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python max function using ‘key’ and lambda expression

I come from OOP background and trying to learn python. I am using the max function which uses a lambda expression to return the instance of type Player having maximum totalScore among the list players.

def winner():
    w = max(players, key=lambda p: p.totalScore)

The function correctly returns instance of type Player having maximum totalScore. I am confused about the following three things:

  1. How does the max function work? What are the arguments it is taking? I looked at the documentation but failed to understand.
  2. What is use of the keyword key in max function? I know it is also used in context of sort function
  3. Meaning of the lambda expression? How to read them? How do they work?

These are all very noobish conceptual questions but will help me understand the language. It would help if you could give examples to explain. Thanks



lambda is an anonymous function, it is equivalent to:

def func(p):
   return p.totalScore     

Now max becomes:

max(players, key=func)

But as def statements are compound statements they can’t be used where an expression is required, that’s why sometimes lambda‘s are used.

Note that lambda is equivalent to what you’d put in a return statement of a def. Thus, you can’t use statements inside a lambda, only expressions are allowed.

What does max do?

max(a, b, c, …[, key=func]) -> value

With a single iterable argument, return its largest item. With two or more arguments, return the largest argument.

So, it simply returns the object that is the largest.

How does key work?

By default in Python 2 key compares items based on a set of rules based on the type of the objects (for example a string is always greater than an integer).

To modify the object before comparison, or to compare based on a particular attribute/index, you’ve to use the key argument.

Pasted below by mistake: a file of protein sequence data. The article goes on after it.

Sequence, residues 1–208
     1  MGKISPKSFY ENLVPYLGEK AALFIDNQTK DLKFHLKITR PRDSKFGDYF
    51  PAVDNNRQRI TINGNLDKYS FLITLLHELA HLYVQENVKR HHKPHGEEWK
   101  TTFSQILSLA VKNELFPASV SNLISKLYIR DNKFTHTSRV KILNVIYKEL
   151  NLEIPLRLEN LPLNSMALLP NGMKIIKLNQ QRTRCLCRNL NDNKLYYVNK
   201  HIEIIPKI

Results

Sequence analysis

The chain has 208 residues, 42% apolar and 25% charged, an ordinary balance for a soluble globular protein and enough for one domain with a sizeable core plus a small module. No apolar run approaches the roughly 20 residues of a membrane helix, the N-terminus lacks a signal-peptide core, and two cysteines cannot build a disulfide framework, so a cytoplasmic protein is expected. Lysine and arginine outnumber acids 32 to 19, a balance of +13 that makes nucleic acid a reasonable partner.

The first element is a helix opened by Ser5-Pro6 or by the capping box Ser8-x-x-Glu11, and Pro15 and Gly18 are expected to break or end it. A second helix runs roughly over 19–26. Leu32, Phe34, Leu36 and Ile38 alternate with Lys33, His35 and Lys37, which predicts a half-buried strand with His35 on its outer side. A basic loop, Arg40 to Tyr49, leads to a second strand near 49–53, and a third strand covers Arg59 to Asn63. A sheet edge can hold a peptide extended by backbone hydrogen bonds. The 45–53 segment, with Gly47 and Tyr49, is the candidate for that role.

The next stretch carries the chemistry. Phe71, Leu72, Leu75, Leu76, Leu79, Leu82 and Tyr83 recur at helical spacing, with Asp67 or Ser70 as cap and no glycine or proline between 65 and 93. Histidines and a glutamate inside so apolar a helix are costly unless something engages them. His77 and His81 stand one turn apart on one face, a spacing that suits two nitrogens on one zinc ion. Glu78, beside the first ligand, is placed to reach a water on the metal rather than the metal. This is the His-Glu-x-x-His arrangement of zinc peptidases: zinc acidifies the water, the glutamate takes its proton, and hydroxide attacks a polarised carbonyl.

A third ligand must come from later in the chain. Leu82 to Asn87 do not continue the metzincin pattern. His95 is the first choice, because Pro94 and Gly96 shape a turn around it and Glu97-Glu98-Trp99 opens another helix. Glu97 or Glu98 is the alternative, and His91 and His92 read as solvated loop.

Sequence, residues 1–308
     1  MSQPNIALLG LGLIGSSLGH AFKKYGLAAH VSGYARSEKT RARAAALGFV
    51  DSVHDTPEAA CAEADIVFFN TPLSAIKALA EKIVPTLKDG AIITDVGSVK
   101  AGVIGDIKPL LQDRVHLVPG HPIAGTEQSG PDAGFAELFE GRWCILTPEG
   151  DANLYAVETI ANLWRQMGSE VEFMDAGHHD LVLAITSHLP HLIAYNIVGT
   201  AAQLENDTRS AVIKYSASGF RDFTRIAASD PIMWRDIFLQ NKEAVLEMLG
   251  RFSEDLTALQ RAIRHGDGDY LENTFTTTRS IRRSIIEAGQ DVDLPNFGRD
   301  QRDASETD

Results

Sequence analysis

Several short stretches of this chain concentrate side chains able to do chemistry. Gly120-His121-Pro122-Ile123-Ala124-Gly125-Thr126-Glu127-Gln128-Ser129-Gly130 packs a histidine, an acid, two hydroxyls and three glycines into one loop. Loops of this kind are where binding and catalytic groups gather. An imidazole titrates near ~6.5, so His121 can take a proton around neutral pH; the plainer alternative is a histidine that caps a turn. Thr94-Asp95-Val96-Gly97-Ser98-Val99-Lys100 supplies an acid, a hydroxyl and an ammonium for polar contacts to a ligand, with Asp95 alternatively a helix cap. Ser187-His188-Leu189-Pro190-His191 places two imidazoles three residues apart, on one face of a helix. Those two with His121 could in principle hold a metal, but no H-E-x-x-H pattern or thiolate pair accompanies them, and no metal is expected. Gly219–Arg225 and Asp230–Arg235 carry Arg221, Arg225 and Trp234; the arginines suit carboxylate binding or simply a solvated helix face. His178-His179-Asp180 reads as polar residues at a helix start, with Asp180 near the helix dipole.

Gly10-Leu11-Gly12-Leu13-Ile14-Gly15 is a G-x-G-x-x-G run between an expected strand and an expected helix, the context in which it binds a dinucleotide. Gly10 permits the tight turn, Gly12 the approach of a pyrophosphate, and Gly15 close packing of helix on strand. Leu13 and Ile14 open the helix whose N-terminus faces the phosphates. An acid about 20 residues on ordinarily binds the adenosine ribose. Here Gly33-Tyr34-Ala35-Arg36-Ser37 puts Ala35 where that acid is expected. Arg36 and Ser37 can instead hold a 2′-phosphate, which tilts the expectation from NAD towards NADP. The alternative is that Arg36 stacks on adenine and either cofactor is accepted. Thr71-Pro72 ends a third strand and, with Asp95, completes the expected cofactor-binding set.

Example 1:

A simple example, suppose you have a list of numbers in string form, but you want to compare those items by their integer value.

>>> lis = ['1', '100', '111', '2']

Here max compares the items using their original values (strings are compared lexicographically so you’d get '2' as output) :

>>> max(lis)

To compare the items by their integer value use key with a simple lambda:

>>> max(lis, key=lambda x:int(x))  # compare `int` version of each item

Example 2: Applying max to a list of tuples.

>>> lis = [(1,'a'), (3,'c'), (4,'e'), (-1,'z')]

By default max will compare the items by the first index. If the first index is the same then it’ll compare the second index. As in my example, all items have a unique first index, so you’d get this as the answer:

>>> max(lis)
(4, 'e')

But, what if you wanted to compare each item by the value at index 1? Simple: use lambda:

>>> max(lis, key = lambda x: x[1])
(-1, 'z')

Comparing items in an iterable that contains objects of different type:

List with mixed items:

lis = ['1','100','111','2', 2, 2.57]

In Python 2 it is possible to compare items of two different types:

>>> max(lis)  # works in Python 2
>>> max(lis, key=lambda x: int(x))  # compare integer version of each item

But in Python 3 you can’t do that any more:

>>> lis = ['1', '100', '111', '2', 2, 2.57]
>>> max(lis)
Traceback (most recent call last):
  File "<ipython-input-2-0ce0a02693e4>", line 1, in <module>
TypeError: unorderable types: int() > str()

But this works, as we are comparing integer version of each object:

>>> max(lis, key=lambda x: int(x))  # or simply `max(lis, key=int)`
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